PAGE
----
International Child Abduction - Mali!
It happens: A parent kidnaps his/her child and flees to a foreign country.
It happened to 5-year-old Maayimuna “Muna” N’Diaye, who was abducted and taken to Mali in 2011 by her father.
Her mother, Dr. Noelle Hunter, has graciously agreed to tell her story to help families who are dealing with an international child abduction. Each Wednesday in March, Dr. Hunter will share, in her words, her fight to get her daughter back and her “Mission for Muna.”
I didn’t get the call last Tuesday. I’d hoped to talk to my daughter, Muna, whom I haven’t seen or spoken to since Christmas Day 2011. She’s five, and she’s in Mali, West Africa. Muna was abducted to Mali by her father, Ibrahim N’Diaye, on Dec. 27, 2011.
As he drove off with her to begin his portion of a court-ordered holiday timesharing, I knew something was wrong. I had a gut feeling even then about what was to come. Or at least I thought I did. As it turns out, I, like so many other parents of internationally-abducted children, was wholly unprepared for life, loss and seeming powerlessness after my child was abducted to a foreign land.
I waited for her on New Year’s Day, but they never arrived at the court-designated meeting spot, a McDonald’s restaurant in our small eastern Kentucky town. As the minutes ticked on, I would know for the first time what other parents like me have known for weeks, months, years, and decades. It’s the waiting and the not knowing that wear you down.
In the days that followed, I’d learn that Muna’s father had meticulously planned their exit, in violation of a joint custody order with specific travel stipulations. The judge ordered that I retain her U.S. passport because he suspected, as we all did, that Ibrahim was a flight risk with her. I’ve since learned that Muna’s dual nationality status allowed them to leave this country undetected en route to her father’s Bamako home.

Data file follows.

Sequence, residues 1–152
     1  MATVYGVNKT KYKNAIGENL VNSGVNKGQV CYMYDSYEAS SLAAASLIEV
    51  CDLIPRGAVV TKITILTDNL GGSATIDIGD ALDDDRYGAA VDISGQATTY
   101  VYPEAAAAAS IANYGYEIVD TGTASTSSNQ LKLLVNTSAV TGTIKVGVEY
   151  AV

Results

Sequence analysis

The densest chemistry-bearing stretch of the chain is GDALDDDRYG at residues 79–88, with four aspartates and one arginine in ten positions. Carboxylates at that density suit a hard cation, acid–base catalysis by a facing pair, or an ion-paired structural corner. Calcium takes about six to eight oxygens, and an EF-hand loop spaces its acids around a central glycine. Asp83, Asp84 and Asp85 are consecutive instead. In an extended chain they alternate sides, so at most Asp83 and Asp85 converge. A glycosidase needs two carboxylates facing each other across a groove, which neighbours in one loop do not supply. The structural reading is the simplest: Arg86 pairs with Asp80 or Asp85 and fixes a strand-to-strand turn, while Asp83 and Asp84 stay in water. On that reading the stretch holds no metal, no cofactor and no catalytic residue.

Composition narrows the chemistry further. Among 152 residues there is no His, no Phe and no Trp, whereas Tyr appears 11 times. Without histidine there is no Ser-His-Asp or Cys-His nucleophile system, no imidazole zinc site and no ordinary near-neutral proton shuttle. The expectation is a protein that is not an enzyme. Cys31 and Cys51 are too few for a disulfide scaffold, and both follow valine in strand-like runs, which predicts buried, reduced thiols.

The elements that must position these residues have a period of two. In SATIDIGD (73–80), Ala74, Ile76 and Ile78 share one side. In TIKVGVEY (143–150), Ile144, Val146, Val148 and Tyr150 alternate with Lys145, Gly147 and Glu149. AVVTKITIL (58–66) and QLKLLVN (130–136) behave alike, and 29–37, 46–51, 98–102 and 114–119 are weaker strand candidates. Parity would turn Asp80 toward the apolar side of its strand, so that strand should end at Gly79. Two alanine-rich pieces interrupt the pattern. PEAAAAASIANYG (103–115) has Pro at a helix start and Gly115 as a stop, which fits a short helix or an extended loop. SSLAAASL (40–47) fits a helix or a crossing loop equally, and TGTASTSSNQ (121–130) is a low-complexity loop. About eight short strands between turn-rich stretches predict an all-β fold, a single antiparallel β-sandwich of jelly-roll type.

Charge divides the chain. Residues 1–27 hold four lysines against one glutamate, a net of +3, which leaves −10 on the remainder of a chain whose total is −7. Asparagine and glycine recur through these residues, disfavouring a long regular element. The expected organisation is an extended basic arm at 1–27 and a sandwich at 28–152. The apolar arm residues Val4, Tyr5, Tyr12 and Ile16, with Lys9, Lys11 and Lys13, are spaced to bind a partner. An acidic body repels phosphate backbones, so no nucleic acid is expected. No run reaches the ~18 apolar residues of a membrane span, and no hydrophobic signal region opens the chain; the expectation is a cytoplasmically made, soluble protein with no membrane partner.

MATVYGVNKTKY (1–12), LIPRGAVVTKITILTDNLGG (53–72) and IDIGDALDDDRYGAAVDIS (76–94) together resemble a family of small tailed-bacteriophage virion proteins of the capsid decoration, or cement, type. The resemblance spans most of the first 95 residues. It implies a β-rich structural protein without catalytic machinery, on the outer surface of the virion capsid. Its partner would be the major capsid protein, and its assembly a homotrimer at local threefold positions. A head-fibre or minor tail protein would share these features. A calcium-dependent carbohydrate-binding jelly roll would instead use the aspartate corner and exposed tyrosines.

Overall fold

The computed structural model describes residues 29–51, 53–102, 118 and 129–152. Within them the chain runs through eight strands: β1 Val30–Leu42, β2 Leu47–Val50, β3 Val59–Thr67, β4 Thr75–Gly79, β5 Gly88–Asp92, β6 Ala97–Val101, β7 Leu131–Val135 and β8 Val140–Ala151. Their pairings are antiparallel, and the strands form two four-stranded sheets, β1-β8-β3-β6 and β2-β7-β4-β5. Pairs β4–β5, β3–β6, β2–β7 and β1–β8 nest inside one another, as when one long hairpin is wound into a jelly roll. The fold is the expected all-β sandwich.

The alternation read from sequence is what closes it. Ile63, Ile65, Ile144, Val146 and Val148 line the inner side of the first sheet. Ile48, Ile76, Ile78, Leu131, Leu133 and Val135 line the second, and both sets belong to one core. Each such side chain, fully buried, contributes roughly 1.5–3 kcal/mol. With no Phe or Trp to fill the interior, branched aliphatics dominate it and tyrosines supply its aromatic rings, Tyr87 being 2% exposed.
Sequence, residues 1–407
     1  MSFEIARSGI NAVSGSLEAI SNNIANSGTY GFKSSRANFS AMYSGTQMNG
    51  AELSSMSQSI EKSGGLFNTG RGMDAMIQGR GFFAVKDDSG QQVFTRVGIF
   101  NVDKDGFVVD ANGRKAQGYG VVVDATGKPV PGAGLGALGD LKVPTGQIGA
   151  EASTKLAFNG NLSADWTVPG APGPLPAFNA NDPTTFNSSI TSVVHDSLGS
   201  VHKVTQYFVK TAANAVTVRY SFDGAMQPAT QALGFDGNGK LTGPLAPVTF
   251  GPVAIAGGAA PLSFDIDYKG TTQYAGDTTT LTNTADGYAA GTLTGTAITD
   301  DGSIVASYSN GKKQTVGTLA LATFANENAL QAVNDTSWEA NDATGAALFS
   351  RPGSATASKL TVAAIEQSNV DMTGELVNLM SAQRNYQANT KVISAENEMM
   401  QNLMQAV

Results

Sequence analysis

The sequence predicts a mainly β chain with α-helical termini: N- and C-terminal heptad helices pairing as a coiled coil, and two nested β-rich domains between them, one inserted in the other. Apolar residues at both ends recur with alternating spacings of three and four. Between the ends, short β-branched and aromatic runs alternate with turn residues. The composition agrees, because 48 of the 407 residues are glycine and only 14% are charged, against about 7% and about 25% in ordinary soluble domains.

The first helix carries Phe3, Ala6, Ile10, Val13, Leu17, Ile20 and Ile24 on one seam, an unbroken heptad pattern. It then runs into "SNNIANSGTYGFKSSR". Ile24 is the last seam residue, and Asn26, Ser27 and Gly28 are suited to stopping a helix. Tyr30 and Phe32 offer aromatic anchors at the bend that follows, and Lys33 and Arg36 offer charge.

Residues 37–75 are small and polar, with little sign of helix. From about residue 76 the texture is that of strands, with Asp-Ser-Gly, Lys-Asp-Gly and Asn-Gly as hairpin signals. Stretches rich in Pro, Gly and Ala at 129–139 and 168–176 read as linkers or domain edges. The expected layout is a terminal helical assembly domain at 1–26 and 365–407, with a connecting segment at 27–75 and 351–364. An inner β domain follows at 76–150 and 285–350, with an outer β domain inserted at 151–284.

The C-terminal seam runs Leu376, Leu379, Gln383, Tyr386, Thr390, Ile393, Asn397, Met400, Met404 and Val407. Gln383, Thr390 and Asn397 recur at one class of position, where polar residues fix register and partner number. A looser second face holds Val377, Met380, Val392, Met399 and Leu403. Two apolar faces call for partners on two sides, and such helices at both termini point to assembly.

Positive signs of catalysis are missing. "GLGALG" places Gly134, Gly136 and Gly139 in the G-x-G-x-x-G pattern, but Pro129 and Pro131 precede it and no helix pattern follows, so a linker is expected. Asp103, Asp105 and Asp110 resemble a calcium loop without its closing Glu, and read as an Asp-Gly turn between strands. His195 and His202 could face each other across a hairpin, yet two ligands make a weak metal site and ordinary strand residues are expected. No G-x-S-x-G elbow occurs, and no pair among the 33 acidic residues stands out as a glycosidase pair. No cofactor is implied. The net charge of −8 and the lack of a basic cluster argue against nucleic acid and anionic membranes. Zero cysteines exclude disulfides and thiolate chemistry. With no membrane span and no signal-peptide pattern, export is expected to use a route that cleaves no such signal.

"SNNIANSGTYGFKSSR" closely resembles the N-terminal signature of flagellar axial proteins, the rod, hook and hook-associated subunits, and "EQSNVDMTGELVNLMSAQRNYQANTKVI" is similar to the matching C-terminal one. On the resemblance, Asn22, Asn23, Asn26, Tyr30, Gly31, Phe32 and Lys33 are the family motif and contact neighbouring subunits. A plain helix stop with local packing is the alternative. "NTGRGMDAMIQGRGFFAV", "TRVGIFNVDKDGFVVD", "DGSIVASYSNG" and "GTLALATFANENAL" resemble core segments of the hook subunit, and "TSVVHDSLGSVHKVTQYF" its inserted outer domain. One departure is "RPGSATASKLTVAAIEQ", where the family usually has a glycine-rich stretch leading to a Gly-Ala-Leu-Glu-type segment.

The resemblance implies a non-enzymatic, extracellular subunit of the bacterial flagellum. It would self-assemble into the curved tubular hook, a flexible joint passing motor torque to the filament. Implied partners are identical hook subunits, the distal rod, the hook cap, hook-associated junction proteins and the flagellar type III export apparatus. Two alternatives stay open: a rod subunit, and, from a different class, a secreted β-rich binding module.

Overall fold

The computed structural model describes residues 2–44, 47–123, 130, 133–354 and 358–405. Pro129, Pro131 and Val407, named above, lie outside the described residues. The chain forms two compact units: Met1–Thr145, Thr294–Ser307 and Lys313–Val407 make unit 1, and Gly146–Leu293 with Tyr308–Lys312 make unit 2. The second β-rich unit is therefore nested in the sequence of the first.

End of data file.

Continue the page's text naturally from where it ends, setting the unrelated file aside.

I’d also be confronted with disbelief from local law enforcement, the fact that people in my hometown colluded with my ex-husband in her abduction, and the knowledge that the U.S. Department of State would work on my case only to the extent that I pressed it. I quickly surmised that I was in for the fight of my life.
Last week, I waited by the phone for the call that I somehow knew I wouldn’t get. Ibrahim has set himself against the wishes of his own family, his government and the U.S. government in perpetuating this abduction. Why should he heed anyone’s request? U.S. Embassy officials in Bamako, who have been my only source of information about Muna, had planned a third request to Ibrahim to allow a telephone call between Muna and me. My still silent cell phone is his answer.
At moments when I’m tempted to doubt, I remind myself of great strides already made to bring my daughter home— a goal to which I am irrevocably committed. Her name is being spoken at the highest levels of U.S. government, the Mali government is paying attention, and we have a growing and deeply-caring community of family and friends in town and online.
If you are interested in signing the petition to bring Muna back to the United States, please do so by clicking here.
Noelle Hunter is the mother of three daughters, Rachel, Rysa, and Muna. Dr. Hunter began the Lighting Her Way Home campaign to raise awareness and support for Muna’s return from Mali, West Africa, where she unlawfully taken by her father in 2011. Noelle is an instructor of reading and writing at Maysville Community & Technical College in Morehead, Ky. She earned a BS in Journalism and an MPA from Ohio University, and earned her doctorate of political science from West Virginia University. For more information contact email@example.com or see Muna’s Facebook page: Lighting Her Way Home.
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